This is the latest compendium publication in the NHS Vacancy Statistics series containing vacancy related data for the NHS.
The figures included in this series provide data from four different sources on recruitment information for the NHS.
Data from NHS Jobs, the Electronic Staff Record (ESR) and Trac Recruitment Management Software (Trac) provide a range of proxy data sources for NHS vacancies. The series also includes management information related to vacancies within the NHS which have been collected by NHS England and NHS Improvement.
Due to the complex nature of how NHS vacancy data is defined and collected, all data sources should be treated with a degree of caution. To help users in their assessment of the features of each of the sources, we have included an additional resource within the data tables which helps to describe any nuances associated with each of the separate sources.
NHS Digital look forward to developing the compendium publication further for future iterations of the series included in the Experimental Statistics review. We remain committed to providing the best, most accurate and useful information possible to support the NHS and to serve the public good.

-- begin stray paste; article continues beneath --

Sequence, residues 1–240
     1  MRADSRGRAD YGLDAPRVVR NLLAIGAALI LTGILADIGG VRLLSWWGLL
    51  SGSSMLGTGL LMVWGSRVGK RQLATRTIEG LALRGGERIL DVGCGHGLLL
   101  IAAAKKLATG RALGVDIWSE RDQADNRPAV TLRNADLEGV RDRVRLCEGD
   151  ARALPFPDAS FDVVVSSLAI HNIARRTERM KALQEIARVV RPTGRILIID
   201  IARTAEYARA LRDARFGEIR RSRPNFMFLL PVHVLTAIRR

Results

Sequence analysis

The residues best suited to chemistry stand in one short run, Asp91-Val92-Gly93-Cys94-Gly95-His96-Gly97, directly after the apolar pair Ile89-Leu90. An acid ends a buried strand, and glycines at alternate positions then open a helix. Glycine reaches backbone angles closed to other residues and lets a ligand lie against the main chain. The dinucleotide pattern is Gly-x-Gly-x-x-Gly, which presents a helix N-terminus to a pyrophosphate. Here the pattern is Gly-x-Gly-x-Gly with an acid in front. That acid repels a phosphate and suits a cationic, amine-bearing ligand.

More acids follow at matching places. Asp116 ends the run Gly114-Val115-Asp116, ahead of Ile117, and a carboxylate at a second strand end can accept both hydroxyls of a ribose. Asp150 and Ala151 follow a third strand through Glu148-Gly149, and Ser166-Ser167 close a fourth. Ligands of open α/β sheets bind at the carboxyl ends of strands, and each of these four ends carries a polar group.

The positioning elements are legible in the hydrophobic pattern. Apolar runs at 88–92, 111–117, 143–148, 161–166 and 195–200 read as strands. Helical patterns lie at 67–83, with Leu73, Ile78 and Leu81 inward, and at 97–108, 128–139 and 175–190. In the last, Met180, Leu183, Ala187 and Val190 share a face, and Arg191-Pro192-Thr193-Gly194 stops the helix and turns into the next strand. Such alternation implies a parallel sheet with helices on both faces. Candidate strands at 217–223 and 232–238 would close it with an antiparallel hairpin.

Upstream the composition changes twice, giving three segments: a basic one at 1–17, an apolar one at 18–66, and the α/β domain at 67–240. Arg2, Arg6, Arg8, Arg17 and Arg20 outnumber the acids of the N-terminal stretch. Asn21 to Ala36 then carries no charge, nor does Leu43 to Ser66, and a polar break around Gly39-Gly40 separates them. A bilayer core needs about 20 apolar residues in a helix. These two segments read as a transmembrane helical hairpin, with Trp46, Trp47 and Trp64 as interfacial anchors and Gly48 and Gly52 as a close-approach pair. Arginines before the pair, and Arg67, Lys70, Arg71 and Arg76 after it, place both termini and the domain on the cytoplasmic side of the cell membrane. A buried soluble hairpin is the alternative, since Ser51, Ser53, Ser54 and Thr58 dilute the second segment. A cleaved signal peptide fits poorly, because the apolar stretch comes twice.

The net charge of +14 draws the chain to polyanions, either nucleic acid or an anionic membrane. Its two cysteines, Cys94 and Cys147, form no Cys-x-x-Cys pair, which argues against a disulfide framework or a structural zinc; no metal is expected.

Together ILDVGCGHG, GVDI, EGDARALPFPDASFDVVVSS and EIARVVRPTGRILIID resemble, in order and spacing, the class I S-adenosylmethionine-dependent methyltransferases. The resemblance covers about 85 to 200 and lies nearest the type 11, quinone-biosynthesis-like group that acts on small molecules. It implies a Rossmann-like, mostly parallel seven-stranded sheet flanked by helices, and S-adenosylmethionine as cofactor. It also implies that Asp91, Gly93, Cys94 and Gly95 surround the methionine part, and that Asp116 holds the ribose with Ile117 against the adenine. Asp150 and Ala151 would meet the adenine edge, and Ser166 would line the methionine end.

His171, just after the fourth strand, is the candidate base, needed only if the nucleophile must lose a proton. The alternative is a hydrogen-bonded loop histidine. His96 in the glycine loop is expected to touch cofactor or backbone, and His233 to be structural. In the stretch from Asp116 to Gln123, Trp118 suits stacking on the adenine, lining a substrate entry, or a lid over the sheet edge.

To help with the development of this publication, feedback is continually welcomed and can be sent to: [email protected] with the subject heading ‘NHS Vacancy Statistics publication feedback’.
During the COVID-19 pandemic, there has been significant disruption to recruitment activity within the NHS. This is apparent from the significantly lower reported advertised vacancies between March and June 2020 as the NHS was fully focused on dealing with the first wave of the pandemic. Whilst pressures on the NHS caused directly by the pandemic have fluctuated since March 2020, it remains apparent that recruitment activity has similarly been disrupted.
Whilst some critical recruitment increased in response to the situation, other elements were significantly reduced – this is particularly the case for certain Staff Groups. However, we believe that the headline figures included in the bulletin remain of immediate use, as they represent the situation as it was at the time, but year on year comparisons should be avoided.
Last edited: 2 June 2021 10:29 am